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The Narrative of Innocence, or, Lost Stories
Law and Literature
Vol. 25, No. 3, Special Issue on Exemplary Narratives in Law and Legal Reasoning (Fall 2013), pp. 366-389
Stable URL: http://www.jstor.org/stable/10.1525/lal.2013.25.3.366
Page Count: 24
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The criminal courtroom is a place of competing narratives. Which narrative eventually becomes the basis of a conviction or an acquittal depends largely on how stories are told and how they are reconstructed by the fact finder. The construction and reconstruction of stories does not happen mechanically; lawyers and juries have a desire to create typical, exemplary narratives that resonate with their understanding of the world. This understanding can interfere with narratives that are not typical—the (potential) stories of innocence. Through the work of innocence projects, it has become clear that often the narrative that prevailed in court did not reflect what actually happened. Defendants were convicted for crimes they did not commit, and the stories of their innocence were lost. DNA evidence was used to exonerate many of the defendants, but this paper argues that even in the age of DNA evidence, the story model is still key to understanding the creation of legal reality because it allows the jury to develop narratives that have a much greater influence on the decision than facts or norms alone and that are basically unreviewable. Beyond individual cases, it is also the procedural, technical set-up—the blueprint—of a criminal justice system that choreographs storytelling. To exemplify this, I will contrast the adversarial system, which stresses the contest of narratives, with the inquisitorial model, where narratives are developed through an investigation by a judge.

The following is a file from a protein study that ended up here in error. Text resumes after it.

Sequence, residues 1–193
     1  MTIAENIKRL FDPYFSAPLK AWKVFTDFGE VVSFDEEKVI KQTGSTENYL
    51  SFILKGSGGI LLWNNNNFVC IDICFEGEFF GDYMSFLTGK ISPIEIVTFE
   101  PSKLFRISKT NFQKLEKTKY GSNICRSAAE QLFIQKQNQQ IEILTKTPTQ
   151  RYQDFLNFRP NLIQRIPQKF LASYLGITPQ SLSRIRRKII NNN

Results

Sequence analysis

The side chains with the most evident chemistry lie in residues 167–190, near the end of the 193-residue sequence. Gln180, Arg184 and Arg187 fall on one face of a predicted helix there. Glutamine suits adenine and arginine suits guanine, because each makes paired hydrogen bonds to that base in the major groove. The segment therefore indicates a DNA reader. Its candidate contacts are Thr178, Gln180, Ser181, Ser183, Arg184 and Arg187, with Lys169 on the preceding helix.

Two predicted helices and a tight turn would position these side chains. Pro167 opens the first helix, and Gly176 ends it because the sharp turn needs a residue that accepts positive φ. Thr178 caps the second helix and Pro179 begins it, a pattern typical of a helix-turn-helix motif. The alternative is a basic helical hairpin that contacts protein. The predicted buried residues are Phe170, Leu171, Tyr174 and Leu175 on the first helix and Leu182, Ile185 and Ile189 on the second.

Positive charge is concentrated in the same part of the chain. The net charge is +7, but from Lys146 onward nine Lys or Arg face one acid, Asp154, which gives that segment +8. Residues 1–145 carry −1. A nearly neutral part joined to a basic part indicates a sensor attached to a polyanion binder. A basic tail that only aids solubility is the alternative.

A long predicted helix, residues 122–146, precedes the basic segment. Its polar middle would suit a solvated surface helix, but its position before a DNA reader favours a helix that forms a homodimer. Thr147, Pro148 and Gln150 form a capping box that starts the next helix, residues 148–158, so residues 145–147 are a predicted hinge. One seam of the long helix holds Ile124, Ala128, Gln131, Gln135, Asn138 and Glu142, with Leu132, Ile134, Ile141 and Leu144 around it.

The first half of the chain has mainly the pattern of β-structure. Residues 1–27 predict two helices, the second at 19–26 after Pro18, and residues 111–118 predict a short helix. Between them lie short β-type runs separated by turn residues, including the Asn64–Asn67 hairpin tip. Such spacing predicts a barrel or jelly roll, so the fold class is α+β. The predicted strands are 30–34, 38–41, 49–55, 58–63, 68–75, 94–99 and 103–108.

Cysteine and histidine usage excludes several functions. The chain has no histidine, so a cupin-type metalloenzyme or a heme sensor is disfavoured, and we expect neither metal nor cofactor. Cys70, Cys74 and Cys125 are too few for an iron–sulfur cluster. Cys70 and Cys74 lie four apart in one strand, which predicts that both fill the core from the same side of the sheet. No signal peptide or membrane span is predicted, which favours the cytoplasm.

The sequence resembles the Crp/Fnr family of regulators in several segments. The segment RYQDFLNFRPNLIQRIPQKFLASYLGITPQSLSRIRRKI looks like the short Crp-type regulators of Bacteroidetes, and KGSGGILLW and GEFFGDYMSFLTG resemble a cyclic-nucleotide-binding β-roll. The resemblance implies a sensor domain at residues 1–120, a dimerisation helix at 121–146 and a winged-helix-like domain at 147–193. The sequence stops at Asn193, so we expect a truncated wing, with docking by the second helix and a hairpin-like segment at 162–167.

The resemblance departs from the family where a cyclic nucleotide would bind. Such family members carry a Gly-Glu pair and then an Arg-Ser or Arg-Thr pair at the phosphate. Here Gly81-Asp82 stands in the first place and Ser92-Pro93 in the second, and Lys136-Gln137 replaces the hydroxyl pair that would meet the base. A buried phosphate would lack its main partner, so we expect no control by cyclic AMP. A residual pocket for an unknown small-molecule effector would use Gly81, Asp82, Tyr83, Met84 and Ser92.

© 2013 by The Cardozo School of Law of Yeshiva University